At the Nucleus conference in February of 2016, I had the pleasure of meeting someone who has created just that in his company, Richard Sheridan of Menlo Innovations. His bestselling book, Joy, Inc. – How We Built a Workplace People Love, is a must-read.
There is a lot to the ‘joy’ equation and the best way to absorb that is to watch Richard’s keynote presentation video that I’ve included at the end of this piece (it’s only 20 minutes, but packed full of great stories). However, let me explore some of the amazing practical ideas in Joy, Inc. for running a better business, and show their application to what you are doing in your Financial Planning business. There’s some real gold here.
The bottom line? A business that works better is more joyful to be part of.
Idea 1 – Working in pairs
At Menlo, everyone works in pairs. Yes, everyone.
The result is better quality work and a collaborative, sharing, and learning environment.
When I first listened to Rich explain this I loved the idea, but thought, wow that must be expensive and their clients are footing the bill. However, I’d missed the point. By working in pairs the job gets done right and done once. Team members also get switched around every week, which helps with the sharing of knowledge and learning.
More importantly, the software they design gets used and is loved by the end user, which is great for Menlo’s clients.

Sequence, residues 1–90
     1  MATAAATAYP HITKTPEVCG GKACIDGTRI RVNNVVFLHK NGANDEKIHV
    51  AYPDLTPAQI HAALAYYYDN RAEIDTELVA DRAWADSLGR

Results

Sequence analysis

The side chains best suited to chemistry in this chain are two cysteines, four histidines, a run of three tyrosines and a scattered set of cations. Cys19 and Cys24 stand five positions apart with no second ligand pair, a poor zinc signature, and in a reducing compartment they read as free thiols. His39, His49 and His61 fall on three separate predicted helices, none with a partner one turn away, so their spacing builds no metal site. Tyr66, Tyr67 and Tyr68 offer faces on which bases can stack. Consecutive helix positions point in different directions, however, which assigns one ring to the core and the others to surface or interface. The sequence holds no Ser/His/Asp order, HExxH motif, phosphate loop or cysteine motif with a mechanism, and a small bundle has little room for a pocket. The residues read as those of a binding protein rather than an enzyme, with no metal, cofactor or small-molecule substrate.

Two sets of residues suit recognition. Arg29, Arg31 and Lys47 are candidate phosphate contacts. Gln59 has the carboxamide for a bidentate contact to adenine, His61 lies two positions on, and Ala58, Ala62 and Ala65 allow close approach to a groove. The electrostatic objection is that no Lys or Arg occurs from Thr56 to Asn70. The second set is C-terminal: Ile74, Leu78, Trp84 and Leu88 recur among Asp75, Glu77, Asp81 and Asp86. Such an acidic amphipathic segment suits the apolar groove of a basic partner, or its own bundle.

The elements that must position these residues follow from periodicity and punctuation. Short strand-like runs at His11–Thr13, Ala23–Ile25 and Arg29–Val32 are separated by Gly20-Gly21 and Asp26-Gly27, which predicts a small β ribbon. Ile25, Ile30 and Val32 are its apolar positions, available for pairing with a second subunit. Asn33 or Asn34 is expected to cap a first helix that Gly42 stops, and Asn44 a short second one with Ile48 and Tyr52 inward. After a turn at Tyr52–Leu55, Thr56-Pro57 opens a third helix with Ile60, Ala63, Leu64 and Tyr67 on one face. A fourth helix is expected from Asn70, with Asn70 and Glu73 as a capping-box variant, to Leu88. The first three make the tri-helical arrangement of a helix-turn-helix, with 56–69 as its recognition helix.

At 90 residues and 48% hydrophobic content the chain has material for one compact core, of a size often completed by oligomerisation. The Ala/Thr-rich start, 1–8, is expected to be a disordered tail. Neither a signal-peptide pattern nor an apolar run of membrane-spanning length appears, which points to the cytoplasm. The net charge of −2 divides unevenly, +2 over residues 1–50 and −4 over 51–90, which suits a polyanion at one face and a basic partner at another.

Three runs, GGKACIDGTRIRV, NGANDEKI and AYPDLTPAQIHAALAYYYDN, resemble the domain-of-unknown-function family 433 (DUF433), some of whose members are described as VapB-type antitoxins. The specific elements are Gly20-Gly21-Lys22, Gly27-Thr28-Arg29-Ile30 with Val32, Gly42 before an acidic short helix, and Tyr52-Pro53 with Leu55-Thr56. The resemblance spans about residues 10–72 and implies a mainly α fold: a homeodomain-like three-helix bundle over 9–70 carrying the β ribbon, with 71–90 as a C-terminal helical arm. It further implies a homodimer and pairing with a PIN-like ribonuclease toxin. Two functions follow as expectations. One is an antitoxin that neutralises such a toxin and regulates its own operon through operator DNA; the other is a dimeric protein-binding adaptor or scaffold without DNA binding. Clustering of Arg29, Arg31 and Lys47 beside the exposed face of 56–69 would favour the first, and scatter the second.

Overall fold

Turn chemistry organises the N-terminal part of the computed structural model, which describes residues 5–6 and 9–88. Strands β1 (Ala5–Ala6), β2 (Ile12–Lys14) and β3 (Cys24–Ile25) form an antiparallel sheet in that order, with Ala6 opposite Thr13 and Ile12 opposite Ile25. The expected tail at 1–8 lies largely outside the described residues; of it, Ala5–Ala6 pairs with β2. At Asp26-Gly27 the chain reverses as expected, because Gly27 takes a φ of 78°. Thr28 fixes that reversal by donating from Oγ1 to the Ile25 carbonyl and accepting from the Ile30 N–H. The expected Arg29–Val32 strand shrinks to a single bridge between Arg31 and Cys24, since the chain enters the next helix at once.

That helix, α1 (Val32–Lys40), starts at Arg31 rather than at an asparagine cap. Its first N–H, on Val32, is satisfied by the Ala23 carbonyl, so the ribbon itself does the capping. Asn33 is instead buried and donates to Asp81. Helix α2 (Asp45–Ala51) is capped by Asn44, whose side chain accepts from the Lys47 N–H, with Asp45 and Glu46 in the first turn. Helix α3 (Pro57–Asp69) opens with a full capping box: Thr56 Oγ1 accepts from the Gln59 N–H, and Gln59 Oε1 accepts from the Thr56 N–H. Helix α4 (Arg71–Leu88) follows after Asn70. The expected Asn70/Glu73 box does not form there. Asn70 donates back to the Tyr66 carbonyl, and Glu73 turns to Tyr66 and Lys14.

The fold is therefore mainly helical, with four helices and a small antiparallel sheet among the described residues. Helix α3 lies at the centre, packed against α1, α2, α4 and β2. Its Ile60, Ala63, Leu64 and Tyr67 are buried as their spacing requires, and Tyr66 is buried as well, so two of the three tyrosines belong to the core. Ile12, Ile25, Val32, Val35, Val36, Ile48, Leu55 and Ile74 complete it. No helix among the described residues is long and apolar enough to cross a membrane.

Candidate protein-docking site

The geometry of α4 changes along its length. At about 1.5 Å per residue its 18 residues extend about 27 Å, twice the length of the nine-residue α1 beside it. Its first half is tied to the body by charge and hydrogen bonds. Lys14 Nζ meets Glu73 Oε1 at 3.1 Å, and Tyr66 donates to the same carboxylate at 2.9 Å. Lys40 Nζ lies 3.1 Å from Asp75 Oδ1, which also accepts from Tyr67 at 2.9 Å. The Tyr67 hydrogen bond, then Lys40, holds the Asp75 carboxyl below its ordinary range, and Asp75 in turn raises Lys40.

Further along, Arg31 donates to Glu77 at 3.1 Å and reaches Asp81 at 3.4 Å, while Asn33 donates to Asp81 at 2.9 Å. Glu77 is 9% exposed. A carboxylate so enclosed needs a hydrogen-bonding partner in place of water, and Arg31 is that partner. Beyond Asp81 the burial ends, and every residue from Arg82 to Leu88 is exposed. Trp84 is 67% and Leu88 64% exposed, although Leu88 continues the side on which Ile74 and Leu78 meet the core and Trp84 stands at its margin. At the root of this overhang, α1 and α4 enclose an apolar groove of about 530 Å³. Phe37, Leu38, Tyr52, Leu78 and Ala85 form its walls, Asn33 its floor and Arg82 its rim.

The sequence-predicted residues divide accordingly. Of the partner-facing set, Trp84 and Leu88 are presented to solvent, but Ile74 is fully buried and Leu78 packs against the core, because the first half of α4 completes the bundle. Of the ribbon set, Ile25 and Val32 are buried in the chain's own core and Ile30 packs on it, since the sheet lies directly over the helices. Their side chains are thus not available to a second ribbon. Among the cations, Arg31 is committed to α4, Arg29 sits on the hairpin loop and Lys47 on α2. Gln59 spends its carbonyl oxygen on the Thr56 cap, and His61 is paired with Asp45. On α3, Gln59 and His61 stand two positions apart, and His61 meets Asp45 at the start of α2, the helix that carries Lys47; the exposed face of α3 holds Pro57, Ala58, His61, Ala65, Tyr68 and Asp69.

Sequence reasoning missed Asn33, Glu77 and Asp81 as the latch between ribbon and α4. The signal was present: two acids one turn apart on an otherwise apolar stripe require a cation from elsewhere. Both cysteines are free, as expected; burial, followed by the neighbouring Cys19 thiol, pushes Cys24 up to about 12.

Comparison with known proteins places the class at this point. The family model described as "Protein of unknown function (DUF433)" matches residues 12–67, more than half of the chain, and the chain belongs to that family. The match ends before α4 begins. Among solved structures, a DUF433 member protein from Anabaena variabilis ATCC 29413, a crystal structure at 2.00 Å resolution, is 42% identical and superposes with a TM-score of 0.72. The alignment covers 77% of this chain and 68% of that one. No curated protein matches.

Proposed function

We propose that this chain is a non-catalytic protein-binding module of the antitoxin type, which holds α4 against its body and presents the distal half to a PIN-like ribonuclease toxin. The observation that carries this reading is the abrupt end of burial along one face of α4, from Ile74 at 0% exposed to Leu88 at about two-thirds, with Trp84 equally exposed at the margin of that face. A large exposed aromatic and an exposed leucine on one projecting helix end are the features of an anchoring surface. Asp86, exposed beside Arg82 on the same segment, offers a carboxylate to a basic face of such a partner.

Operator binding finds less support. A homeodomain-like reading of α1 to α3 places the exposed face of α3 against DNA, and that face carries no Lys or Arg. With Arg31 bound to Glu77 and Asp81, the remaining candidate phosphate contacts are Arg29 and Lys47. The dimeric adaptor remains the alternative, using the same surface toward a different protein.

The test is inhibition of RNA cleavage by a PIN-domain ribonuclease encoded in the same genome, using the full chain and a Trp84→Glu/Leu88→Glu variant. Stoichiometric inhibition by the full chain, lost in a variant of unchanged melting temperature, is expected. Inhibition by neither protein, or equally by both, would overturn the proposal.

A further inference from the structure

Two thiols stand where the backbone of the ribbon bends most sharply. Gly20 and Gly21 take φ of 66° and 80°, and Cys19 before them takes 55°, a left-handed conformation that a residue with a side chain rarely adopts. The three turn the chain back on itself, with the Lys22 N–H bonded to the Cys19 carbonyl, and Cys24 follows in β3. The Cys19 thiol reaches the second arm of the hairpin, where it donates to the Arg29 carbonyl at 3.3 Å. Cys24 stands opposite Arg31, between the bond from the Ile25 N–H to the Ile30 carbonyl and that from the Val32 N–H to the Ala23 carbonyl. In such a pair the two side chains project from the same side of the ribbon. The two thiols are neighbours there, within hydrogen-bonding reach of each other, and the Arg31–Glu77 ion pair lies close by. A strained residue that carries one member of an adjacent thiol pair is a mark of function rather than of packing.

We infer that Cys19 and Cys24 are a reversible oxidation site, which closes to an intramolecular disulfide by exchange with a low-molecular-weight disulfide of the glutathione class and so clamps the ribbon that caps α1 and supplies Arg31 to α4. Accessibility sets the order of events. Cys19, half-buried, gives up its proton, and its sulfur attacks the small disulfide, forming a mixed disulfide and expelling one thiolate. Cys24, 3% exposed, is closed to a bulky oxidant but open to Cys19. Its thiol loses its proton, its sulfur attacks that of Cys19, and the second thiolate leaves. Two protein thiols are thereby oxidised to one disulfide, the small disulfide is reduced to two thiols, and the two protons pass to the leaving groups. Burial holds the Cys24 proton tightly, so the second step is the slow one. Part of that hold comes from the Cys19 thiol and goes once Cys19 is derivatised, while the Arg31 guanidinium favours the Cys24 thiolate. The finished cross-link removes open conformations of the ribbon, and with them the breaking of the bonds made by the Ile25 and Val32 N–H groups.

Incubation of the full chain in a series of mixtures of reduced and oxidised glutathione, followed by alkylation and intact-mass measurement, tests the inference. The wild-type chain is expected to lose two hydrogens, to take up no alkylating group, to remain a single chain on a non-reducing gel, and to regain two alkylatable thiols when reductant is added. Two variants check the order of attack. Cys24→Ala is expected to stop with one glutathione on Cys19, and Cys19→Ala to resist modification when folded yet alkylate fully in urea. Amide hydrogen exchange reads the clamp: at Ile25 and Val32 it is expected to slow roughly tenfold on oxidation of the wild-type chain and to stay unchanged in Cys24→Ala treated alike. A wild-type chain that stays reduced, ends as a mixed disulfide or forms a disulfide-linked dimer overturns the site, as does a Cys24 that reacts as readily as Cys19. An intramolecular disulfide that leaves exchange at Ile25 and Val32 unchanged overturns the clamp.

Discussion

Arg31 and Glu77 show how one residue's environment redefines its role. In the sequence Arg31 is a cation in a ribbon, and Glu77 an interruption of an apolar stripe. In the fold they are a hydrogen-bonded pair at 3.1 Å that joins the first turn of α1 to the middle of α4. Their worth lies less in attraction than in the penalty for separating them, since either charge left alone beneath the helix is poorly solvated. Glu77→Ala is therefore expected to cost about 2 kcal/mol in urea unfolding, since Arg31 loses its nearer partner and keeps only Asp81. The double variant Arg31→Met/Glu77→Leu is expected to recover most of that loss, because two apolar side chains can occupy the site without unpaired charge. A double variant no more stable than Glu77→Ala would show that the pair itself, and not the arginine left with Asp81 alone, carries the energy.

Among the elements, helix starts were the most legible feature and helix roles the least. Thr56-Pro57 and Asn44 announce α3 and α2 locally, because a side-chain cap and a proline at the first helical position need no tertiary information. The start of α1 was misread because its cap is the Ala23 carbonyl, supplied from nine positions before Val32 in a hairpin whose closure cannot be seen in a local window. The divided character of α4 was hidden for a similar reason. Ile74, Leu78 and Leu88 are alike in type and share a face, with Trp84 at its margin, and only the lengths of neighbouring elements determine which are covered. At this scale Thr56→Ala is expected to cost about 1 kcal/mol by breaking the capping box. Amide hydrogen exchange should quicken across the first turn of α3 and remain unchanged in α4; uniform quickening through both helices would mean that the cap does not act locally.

How can you apply this?
I believe that in most Financial Planning firms, better work would be produced (and more fun would be had) by people pairing up too. For example, Advisers and Paraplanners working together for clients (which I know many firms already do).
However, what about two paraplanners working together on one job? The same cost push back would be raised I’m sure, but the same positives would also apply; better work, done collaboratively and done to a high standard the first time. The learning curve for junior paraplanners would also be shortened enormously, as they work directly on jobs with their more experienced peers.
Idea 2 – Explaining the cost
Having two people on each task does cost. However, when they are asked about the cost by prospective clients they explain it like this:
“Most companies seeking our help are looking for the lowest-priced supplier. Menlo are the lowest-cost vendor.”
What they mean is that other software developers might quote a cheaper headline price, but if the end product doesn’t work, or if the initial budget blows out, it’s not cheap. Think of your own experience buying cheap anything; you often buy twice. Had you simply bought the quality product straight up, you would have saved money and hassle.
Menlo’s point is that in the final wash up, the same is true for them.
How can you apply this?
How often does the issue of price come up for you? Do you have a good quality explanation ready and waiting for the price fiends that know the price of everything and the value of nothing?
What about using Menlo’s explanation as a starting point and then having a single page or power point slide that educates your client about the real (and often hidden) costs of the other services they might be considering.
They’re not industry insiders, so how would they know any of this stuff? Why not shine a light on the true costs of the various options they can use and then let them make up their own mind? Even the clients that don’t deal with you will walk away with a favourable impression.
Idea 3 – Ideal client persona